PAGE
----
Click HERE to access the calendar. Print them off and you’ll be set for two whole months. If Jesus doesn’t come by then, maybe we’ll rethink our island plan?

Seriously, hang in there, Mom and Dad. You’re doing great. One day at a time.

Posted by Karen Brown

A Word About Curriculum

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For most of us, summer is the perfect time to rest and recover from a busy season. It’s also a when we make important preparations for the upcoming ministry year.  For the Family Ministries Team, summer preparations usually involve choosing and laying the groundwork for new resources and curricula.
So how do we evaluate and implement new curricula? 
Family Ministries’ staff and volunteers have often heard my motto: Let the curriculum serve us, not the other way around. This means we should never hesitate to eliminate parts of a program that isn’t effective. It also implies that no curriculum should ever be implemented without care and discernment.
We were reminded of this warning in this recent article by Faithfully Magazine which claims that “ROAR”, our recently purchased curriculum for Kids Night Out (our version of VBS) contains dialogue and activities which are racially insensitive. I believe the people who published this curriculum have wonderful, godly intentions. But they definitely missed some things here the first time around. And in my opinion, the concerns listed in the article are insightful, important, and raise awareness for all of us.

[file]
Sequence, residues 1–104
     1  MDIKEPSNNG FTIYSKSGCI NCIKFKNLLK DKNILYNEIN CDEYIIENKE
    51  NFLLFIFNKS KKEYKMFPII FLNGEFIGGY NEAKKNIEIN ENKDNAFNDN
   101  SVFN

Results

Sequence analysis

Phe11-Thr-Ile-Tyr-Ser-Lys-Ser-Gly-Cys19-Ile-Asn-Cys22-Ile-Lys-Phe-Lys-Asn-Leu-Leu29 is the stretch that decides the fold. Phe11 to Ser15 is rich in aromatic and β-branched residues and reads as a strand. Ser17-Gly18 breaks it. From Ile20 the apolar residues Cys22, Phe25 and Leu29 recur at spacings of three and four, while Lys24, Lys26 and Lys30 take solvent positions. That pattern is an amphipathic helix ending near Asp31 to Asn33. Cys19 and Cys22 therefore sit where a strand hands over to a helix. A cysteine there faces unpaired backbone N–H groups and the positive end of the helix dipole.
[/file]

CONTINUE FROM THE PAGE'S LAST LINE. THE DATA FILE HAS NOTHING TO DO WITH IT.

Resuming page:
It’s helpful for us to remember that no one is perfect and we all have our blind spots, and I’m pleased that the publishers of ROAR apologized and revised the curriculum at no cost.
In light of this, how can we make the best choices and good use of even flawed resources- especially since only samples are available before purchase? We know from experience that published curricula can save valuable time with their versatile themes, craft kits, recorded music, scope, and/or sequence of lessons. But we, the parents and leaders, must remain the primary resources when it comes to the spiritual development of our kids. In other words, published resources can still serve us well, if don’t ask them to do our job.